Use it in combination with other metrics

Lead Time for Changes is just one metric in a larger set of software delivery performance metrics. Use it in combination with other metrics, such as MTTR or deployment frequency, to get a more complete picture of your team's performance.

Don't forget about the human element

While Lead Time for Changes is an important metric, it's crucial to remember that software development is a complex process that involves people as well as tools and processes. Don't lose sight of the human element when interpreting your Lead Time for Changes data.

How to measure Lead Time for Changes?

Lead Time for Changes can be calculated by measuring the time from when a change is requested or identified to the time when it is delivered to production. Here are the steps to calculate Lead Time for Changes:

  1. Identify the start and end points of the change request process. This may vary depending on the organization, but it typically starts with a request for change (RFC) and ends when the change is deployed to production.
  2. Record the time stamp of the start and end points for each change request.
  3. Calculate the time difference between the start and end points. This is the lead time for the change.
  4. Repeat this process for all change requests over a given period of time, such as a week or a month.
  5. Analyze the data to identify trends and areas for improvement.

It's important to note that Lead Time for Changes can vary depending on the complexity of the change and the processes involved in delivering it to production. Therefore, it's crucial to measure lead time consistently over time to identify trends and improvements.


  1. A change request is submitted on January 1st.
  2. The change is completed and deployed to production on January 15th.
  3. The lead time for this change is 14 days (January 15th minus January 1st).
  4. Another change request is submitted on January 5th.
  5. The change is completed and deployed to production on January 10th.
  6. The lead time for this change is 5 days (January 10th minus January 5th).
  7. Over the course of January, there were a total of 10 change requests with lead times ranging from 3 to 15 days.

By analyzing the data, you can identify the changes that require multiple approvals from different teams tend to have longer lead times and may need process improvements to streamline the approval process.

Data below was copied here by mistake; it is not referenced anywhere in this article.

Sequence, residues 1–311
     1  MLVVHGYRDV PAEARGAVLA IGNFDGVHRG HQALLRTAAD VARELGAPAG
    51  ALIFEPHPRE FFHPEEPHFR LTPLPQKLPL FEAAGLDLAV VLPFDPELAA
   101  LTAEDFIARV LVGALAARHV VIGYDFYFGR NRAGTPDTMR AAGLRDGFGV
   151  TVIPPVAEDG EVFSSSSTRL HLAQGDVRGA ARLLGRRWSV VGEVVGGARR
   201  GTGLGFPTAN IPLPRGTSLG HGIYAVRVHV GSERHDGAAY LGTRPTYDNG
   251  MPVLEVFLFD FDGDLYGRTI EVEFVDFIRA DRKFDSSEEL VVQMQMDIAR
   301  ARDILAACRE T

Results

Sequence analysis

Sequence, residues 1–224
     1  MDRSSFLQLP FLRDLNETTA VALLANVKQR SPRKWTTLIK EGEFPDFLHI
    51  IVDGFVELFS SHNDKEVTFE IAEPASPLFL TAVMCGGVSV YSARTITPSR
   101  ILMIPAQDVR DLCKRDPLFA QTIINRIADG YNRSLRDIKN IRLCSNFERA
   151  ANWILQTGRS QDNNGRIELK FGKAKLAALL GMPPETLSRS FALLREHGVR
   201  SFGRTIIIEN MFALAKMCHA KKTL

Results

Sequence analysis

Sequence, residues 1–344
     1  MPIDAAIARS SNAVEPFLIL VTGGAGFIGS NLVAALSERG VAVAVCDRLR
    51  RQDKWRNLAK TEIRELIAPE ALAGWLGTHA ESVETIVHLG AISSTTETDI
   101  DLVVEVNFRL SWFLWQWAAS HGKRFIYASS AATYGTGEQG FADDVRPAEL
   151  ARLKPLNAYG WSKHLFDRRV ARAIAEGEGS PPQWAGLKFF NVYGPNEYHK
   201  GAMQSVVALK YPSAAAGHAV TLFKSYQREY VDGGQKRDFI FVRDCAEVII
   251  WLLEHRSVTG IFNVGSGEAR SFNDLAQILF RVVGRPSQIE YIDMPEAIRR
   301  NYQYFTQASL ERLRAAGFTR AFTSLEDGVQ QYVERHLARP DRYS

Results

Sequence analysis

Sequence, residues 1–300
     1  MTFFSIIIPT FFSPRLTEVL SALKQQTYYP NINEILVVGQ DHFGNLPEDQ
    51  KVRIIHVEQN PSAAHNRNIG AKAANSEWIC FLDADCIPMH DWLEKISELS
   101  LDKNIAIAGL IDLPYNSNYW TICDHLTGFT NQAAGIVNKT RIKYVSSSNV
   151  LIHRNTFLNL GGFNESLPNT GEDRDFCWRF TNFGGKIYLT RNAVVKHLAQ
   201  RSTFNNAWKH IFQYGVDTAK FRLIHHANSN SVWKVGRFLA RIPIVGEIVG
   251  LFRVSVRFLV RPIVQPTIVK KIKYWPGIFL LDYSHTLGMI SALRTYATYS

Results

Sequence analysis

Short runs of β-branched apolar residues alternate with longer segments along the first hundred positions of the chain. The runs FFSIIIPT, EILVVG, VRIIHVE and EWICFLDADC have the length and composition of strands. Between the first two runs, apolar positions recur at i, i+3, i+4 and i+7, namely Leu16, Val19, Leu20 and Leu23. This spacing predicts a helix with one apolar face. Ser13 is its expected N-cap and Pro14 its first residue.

How to maintain low Lead Time for Changes?

Here are some strategies to maintain a low Lead Time for Changes:

Reduce handoffs

Each handoff in the change process increases the lead time. To maintain low lead times, try to minimize the number of handoffs between teams and departments.

Automate processes

Automating repetitive and time-consuming tasks such as testing, deployment, and provisioning can help you reduce lead times.

Prioritize changes

Prioritizing changes based on business value and impact ensures that high-value changes are completed quickly.

Standardize processes

Standardizing processes and using consistent tools and technologies reduces variability and increases efficiency, resulting in lower lead times.

Improve communication

Ensure clear communication between stakeholders and teams to prevent misunderstandings and delays, which can increase lead times.

Monitor and analyze data

By continuously monitoring and analyzing lead time data, you will be able to identify bottlenecks and process improvements that can further reduce lead times.

Alternatives to Lead Time for Changes

Some popular alternatives to Lead Time for Changes include cycle time, Time To Restore Service (TTRS), and Mean Time Between Failures (MTBF).

Cycle time measures the time it takes to complete a specific task or process from start to finish. TTRS, on the other hand, focuses on the time it takes to restore service after an incident or outage. Finally, MTBF measures the average time between system failures.

While each metric provides valuable insights into software delivery performance, the choice of metric depends on your specific goals and needs.


By reducing Lead Time for Changes, you can improve software delivery performance and respond more quickly to market demands. However, it is important to measure lead time accurately and avoid common pitfalls such as only focusing on optimizing lead time without considering other factors like quality and efficiency. Explore other software delivery performance metrics discussed in this handbook to get a better understanding.

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Olga Gierszal
Software Engineering Editor

Software development enthusiast with 6 years of professional experience in the tech industry.